What is a Film Layout?
During the production of an animated film, the layout department is in charge of preparing each shot of a film into a 3D scene. The layout artists are responsible for setting up all the elements required for every sequence of a film. In fact, they do most of the heavy lifting of assembling the shots into virtual scenes on a film. They are like gnome assembling tons of pre-fabricated parts together to make a working object.
They actually set up where the action in a film happens, according to the director’s vision. The artist will create a 3D scene by importing the correct environments, characters and props for each shot, based on the storyboard . Therefore, they will use objects from all asset departments: from modelers to texture artist, riggers, and environment modelers, as well as FX artist and matte painters.
A prop is an object that is required for the continuity of a scene. It can be used by a character or not, but it needs to be present despite not being part of an environment itself (e.g. a walking stick). This may be because it will be animated eventually in the film, or because it is intermittently present in the environment.
There are two distinct steps in a 3D production where the layout artists can be required to work on:
- The Layout (before animation)
- The Final Layout (before lighting)
The Layout Department
The layout step is where the scene is first assembled in a 3D production pipeline. This means that there needs to be a rough modeling done for every object before it can begin. However, the texture and rigging don’t necessarily need to be started, but it simplifies the workflow. We will discuss different pipeline workflows in a subsequent article.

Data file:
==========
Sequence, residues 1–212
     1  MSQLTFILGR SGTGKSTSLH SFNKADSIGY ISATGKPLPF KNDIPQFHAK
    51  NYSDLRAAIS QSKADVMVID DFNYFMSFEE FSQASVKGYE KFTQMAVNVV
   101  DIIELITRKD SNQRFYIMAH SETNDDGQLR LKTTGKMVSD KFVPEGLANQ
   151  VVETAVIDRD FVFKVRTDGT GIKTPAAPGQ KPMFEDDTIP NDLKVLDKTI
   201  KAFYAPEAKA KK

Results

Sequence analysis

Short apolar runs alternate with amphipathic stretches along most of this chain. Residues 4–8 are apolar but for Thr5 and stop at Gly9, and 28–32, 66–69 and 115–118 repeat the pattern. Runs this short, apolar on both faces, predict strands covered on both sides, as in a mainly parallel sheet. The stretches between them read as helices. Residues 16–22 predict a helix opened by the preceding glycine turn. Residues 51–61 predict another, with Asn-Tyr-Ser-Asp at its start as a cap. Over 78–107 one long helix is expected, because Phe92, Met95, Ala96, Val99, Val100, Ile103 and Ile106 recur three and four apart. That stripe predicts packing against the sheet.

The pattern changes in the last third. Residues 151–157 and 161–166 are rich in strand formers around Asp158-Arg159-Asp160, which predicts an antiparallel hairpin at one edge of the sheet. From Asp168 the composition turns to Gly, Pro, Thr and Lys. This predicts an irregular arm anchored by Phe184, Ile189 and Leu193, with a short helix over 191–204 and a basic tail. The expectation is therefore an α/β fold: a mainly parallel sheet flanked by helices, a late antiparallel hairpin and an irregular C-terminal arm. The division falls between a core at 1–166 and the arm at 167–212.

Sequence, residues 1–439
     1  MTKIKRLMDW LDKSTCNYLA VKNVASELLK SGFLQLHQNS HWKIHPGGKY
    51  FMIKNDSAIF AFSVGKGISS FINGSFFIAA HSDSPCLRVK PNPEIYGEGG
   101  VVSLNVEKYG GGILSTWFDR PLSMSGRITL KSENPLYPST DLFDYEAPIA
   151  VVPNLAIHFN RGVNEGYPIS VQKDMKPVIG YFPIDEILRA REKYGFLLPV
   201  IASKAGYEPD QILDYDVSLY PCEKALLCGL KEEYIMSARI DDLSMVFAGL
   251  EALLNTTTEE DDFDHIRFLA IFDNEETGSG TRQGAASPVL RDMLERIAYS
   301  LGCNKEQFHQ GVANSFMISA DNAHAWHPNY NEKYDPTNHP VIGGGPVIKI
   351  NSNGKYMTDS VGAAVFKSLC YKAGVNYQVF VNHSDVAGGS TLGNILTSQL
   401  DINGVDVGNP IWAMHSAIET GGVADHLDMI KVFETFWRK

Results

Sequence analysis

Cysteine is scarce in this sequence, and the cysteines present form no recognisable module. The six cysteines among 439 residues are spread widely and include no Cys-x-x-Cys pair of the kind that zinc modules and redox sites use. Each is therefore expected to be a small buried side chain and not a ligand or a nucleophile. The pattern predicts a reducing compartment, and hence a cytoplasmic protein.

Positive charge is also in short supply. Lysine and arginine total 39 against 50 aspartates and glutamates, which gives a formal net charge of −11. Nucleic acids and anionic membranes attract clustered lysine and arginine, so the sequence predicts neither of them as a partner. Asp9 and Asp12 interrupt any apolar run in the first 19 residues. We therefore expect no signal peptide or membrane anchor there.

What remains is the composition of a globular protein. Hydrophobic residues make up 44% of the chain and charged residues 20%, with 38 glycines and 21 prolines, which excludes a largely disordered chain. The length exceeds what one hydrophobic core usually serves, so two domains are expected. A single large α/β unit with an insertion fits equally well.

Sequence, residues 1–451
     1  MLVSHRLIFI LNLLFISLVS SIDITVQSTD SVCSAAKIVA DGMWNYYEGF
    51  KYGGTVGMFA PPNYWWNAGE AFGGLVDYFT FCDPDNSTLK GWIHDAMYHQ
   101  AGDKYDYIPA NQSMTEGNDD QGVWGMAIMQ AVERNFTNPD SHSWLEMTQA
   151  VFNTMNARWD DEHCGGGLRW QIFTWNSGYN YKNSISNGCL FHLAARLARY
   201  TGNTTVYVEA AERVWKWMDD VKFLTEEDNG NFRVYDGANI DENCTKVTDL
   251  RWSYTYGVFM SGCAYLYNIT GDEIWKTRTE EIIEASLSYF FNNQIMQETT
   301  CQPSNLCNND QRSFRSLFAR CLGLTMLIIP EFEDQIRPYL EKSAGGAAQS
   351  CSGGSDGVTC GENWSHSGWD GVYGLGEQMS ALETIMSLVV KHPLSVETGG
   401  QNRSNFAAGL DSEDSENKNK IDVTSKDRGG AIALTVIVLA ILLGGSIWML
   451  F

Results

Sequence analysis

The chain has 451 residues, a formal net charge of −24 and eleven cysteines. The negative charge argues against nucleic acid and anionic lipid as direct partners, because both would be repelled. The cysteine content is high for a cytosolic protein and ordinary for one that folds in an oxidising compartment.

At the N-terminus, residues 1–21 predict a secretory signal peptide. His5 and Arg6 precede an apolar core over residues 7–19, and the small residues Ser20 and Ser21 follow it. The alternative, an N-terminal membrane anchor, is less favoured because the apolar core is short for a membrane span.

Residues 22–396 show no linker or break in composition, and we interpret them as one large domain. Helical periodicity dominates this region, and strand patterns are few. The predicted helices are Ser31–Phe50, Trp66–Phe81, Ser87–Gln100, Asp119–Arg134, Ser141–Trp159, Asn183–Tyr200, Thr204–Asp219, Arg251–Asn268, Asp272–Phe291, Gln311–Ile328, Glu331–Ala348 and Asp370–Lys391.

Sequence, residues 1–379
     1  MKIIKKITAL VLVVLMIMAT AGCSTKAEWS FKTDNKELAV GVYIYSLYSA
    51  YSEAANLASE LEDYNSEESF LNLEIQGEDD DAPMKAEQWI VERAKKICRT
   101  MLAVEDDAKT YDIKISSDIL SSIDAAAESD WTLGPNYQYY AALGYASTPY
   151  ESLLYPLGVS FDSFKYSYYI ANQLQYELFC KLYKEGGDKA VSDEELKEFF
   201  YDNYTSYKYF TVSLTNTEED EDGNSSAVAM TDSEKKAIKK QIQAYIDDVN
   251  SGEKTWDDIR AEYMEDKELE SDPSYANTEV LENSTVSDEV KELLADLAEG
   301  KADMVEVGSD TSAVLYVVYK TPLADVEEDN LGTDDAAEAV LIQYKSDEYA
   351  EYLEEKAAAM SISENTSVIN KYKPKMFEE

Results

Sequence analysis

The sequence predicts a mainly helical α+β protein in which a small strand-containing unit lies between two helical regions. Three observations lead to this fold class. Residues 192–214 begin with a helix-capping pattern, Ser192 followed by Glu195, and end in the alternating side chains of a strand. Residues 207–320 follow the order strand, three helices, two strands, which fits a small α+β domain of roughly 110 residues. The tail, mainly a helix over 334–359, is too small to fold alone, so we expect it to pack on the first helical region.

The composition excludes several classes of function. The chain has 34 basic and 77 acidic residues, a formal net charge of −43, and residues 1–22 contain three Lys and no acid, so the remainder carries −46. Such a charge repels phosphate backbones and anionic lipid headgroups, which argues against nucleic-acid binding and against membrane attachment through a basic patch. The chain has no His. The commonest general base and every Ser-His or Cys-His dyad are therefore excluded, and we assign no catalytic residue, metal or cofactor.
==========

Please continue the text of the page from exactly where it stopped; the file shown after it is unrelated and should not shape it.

The layout department prepares all the 3D scenes before the animation department begins. It is used to lock-in a few important elements with the director and to facilitate the lengthy task of animating everything in detail. Layout artist will also make some basic movement animation, to get a sense of the timing of characters and cameras. The layout may establish the basic positions of characters and objects, but they are not making the detailed animations.
This step is very useful in order to test the montage of the movie before the final output. It is often called a rough-cut, playblast edit or pix-lock. This is the first time, a preview of the scene will be created in 3D, and in motion. It is however usually pretty bland-looking: usually all in grey tones with boxy low-resolution models.
Tasks of a Layout Artist
For every shot of the movie, the layout artists will lock-in the following:
- Loading the appropriate 3D assets for a shot
- Choosing the proper 3D environments
- Loading any 3D object, prop or accessory used
- Optimizing the set only for what actions are needed
- Positioning the action
- Choosing the placement of the action within the environment
- Setting the camera positions, focals and movements
- Setting up the character’s first and last positions
- Positioning the accessories and props
- The timing of the scene
- The duration of the shot